I. CHINA'S CHARACTERISTICS AND REVOLUTIONARY WAR The seizure of power by armed force, the settlement of the issue by war, is the central task and the highest form of revolution. This Marxist-Leninist principle of revolution holds good universally, for China and for all other countries. But while the principle remains the same, its application by the party of the proletariat finds expression in varying ways according to the varying conditions. Internally, capitalist countries practice bourgeois democracy (not feudalism) when they are not fascist or not at war; in their external relations, they are not oppressed by, but themselves oppress, other nations. Because of these characteristics, it is the task of the party of the proletariat in the capitalist countries to educate the workers and build up strength through a long period of legal struggle, and thus prepare for the final overthrow of capitalism. In these countries, the question is one of a long legal struggle, of utilizing parliament as a platform, of economic and political strikes, of organizing trade unions and educating the workers. There the form of organization is legal and the form of struggle bloodless (non-military). On the issue of war, the Communist Parties in the capitalist countries oppose the imperialist wars waged by their own countries; if such wars occur, the policy of these Parties is to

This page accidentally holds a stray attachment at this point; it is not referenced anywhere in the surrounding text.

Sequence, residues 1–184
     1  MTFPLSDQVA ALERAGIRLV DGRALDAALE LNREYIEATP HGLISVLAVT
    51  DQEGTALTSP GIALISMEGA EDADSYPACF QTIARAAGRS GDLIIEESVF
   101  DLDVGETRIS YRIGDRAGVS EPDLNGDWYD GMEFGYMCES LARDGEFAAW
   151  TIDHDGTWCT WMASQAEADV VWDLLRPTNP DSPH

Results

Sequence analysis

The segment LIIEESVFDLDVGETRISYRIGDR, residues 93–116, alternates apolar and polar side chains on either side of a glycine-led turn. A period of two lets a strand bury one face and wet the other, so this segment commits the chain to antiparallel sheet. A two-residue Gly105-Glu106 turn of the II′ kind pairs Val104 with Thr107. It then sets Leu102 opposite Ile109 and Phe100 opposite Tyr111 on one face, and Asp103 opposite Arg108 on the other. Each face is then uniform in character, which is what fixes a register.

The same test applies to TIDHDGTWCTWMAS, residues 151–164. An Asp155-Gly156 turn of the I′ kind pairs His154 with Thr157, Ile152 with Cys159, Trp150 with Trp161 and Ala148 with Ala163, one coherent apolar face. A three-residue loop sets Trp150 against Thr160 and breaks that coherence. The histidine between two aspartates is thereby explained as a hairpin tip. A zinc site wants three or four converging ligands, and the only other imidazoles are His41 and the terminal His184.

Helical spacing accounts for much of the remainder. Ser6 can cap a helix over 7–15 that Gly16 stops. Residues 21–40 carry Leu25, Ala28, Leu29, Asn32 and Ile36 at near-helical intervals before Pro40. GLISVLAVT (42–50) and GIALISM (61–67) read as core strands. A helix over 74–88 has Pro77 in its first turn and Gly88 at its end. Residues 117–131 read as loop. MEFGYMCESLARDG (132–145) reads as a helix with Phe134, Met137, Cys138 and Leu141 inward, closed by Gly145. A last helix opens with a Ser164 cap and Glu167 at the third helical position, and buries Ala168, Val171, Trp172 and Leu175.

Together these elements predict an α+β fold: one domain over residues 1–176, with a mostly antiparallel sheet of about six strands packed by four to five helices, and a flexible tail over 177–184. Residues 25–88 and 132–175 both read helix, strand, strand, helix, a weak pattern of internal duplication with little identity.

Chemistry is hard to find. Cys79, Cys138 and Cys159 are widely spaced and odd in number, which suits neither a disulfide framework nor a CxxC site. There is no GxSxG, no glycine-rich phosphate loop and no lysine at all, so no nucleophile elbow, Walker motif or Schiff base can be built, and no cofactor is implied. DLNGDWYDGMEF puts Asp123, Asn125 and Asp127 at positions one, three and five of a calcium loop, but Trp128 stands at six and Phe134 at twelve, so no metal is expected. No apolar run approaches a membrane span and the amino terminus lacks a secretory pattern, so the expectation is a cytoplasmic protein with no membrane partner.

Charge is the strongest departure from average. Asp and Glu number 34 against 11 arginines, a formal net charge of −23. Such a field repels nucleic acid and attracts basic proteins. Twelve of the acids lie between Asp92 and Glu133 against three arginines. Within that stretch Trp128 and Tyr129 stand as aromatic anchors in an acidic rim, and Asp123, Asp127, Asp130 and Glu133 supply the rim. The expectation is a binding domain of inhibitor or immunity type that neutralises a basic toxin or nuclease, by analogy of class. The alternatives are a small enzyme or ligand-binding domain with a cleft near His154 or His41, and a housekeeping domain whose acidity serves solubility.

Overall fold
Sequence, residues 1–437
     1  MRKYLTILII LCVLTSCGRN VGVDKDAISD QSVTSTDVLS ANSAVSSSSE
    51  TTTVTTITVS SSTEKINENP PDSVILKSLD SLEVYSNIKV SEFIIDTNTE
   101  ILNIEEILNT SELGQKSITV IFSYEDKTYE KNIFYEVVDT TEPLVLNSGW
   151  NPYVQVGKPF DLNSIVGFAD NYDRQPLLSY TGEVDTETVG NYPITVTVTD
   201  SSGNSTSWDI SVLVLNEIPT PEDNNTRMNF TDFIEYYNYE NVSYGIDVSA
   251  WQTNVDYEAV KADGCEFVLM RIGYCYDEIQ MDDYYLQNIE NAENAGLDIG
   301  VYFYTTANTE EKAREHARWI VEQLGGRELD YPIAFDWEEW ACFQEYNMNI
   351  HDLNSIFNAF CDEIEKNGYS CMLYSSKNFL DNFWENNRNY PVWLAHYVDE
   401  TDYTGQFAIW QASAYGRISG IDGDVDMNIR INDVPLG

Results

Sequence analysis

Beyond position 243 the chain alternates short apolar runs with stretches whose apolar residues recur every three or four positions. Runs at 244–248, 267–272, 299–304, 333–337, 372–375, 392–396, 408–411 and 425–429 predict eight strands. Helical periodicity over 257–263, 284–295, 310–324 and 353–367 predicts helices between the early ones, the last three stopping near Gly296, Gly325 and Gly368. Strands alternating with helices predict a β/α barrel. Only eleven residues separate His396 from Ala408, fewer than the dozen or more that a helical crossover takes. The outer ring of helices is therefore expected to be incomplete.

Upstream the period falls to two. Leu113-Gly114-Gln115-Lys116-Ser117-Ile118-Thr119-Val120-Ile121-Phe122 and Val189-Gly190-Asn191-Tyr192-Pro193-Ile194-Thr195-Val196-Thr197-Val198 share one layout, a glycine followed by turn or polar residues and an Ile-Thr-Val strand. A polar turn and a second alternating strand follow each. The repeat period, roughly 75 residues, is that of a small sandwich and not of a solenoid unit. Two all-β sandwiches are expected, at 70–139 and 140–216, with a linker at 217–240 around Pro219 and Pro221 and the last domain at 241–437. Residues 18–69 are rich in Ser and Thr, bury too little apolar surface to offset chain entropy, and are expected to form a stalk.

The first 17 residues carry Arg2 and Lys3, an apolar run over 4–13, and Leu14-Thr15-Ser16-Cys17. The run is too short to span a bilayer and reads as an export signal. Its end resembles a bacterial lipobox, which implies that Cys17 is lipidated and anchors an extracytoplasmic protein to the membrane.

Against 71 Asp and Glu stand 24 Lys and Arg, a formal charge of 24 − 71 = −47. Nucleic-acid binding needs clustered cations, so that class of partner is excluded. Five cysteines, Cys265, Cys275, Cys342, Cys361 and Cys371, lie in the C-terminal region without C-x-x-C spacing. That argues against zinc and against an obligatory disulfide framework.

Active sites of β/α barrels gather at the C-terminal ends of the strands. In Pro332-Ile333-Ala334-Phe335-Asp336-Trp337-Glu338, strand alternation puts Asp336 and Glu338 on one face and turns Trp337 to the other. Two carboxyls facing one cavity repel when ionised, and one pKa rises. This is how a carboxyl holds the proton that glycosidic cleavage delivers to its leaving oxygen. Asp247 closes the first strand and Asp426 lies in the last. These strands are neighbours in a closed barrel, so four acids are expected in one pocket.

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bring about the defeat of the reactionary governments of their own countries. The one war they want to fight is the civil war for which they are preparing.[1] But this insurrection and war should not be launched until the bourgeoisie becomes really helpless, until the majority of the proletariat are determined to rise in arms and fight, and until the rural masses are giving willing help to the proletariat. And when the time comes to launch such an insurrection and war, the first step will be to seize the cities, and then advance into the countryside' and not the other way about. All this has been done by Communist Parties in capitalist countries, and it has been proved correct by the October Revolution in Russia. China is different however. The characteristics of China are that she is not independent and democratic but semi-colonial and semi-feudal, that internally she has no democracy but is under feudal oppression and that in her external relations she has no national independence but is oppressed by imperialism. It follows that we have no parliament to make use of and no legal right to organize the workers to strike. Basically, the task of the Communist Party here is not to go through a long period of legal struggle before launching insurrection and war, and not to seize the big cities first and then occupy the countryside, but the reverse. When imperialism is not making armed attacks on our country, the Chinese Communist Party either wages civil war jointly with the bourgeoisie against the warlords (lackeys of imperialism), as in 1924-27 in the wars in Kwangtung Province [2] and the Northern Expedition, or unites with the peasants and the urban petty bourgeoisie to wage civil war against the landlord class and the comprador bourgeoisie (also lackeys of imperialism), as in the War of Agrarian Revolution of 1927-36. When imperialism launches armed attacks on China, the Party unites all classes and strata in the country opposing the foreign aggressors to wage a national war against the foreign enemy, as it is doing in the present War of Resistance Against Japan. All this shows the difference between China and the capitalist countries. In China war is the main form of struggle and the army is the main form of organization. Other forms such as mass organization and mass struggle are also extremely important and indeed indispensable and in no circumstances to be overlooked, but their purpose is to serve the war. Before the outbreak of a war all organization and struggle are in preparation for the war, as in the period from the May 4th Movement of 1919 to the May 30th Movement of 1925. After war breaks out, all organization and struggle are coordinated with the war either directly or indirectly, as, for instance, in the period of the Northern Expedition when all organization and struggle in the rear areas of the revolutionary army were co-ordinated with the war directly, and those in the Northern warlord areas were coordinated with the war indirectly. Again in the period of the War of Agrarian Revolution all organization and struggle inside the Red areas were co-ordinated with the war directly, and outside the Red areas indirectly. Yet again in the present period, the War of Resistance, all organization and struggle in the rear areas of the anti-Japanese forces and in the areas occupied by the enemy